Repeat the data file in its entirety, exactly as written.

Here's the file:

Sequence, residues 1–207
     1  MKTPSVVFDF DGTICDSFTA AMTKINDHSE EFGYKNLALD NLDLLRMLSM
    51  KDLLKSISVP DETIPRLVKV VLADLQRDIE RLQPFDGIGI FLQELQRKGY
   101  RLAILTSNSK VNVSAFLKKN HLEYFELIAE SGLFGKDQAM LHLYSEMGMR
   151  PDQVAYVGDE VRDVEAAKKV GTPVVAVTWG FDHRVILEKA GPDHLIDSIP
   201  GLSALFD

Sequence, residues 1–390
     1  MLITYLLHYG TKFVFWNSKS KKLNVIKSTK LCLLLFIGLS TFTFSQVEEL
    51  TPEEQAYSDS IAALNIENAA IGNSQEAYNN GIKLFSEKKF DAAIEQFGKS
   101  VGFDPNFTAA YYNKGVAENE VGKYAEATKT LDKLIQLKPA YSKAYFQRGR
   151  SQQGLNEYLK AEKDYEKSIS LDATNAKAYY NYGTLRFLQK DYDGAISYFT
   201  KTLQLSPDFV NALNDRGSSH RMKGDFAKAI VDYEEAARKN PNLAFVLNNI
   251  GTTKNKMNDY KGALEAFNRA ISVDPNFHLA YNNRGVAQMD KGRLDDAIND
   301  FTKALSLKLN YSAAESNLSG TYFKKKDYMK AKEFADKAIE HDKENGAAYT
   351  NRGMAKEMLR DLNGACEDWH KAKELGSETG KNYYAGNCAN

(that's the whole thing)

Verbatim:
Sequence, residues 1–207
     1  MKTPSVVFDF DGTICDSFTA AMTKINDHSE EFGYKNLALD NLDLLRMLSM
    51  KDLLKSISVP DETIPRLVKV VLADLQRDIE RLQPFDGIGI FLQELQRKGY
   101  RLAILTSNSK VNVSAFLKKN HLEYFELIAE SGLFGKDQAM LHLYSEMGMR
   151  PDQVAYVGDE VRDVEAAKKV GTPVVAVTWG FDHRVILEKA GPDHLIDSIP
   201  GLSALFD

Sequence, residues 1–390
     1  MLITYLLHYG TKFVFWNSKS KKLNVIKSTK LCLLLFIGLS TFTFSQVEEL
    51  TPEEQAYSDS IAALNIENAA IGNSQEAYNN GIKLFSEKKF DAAIEQFGKS
   101  VGFDPNFTAA YYNKGVAENE VGKYAEATKT LDKLIQLKPA YSKAYFQRGR
   151  SQQGLNEYLK AEKDYEKSIS LDATNAKAYY NYGTLRFLQK DYDGAISYFT
   201  KTLQLSPDFV NALNDRGSSH RMKGDFAKAI VDYEEAARKN PNLAFVLNNI
   251  GTTKNKMNDY KGALEAFNRA ISVDPNFHLA YNNRGVAQMD KGRLDDAIND
   301  FTKALSLKLN YSAAESNLSG TYFKKKDYMK AKEFADKAIE HDKENGAAYT
   351  NRGMAKEMLR DLNGACEDWH KAKELGSETG KNYYAGNCAN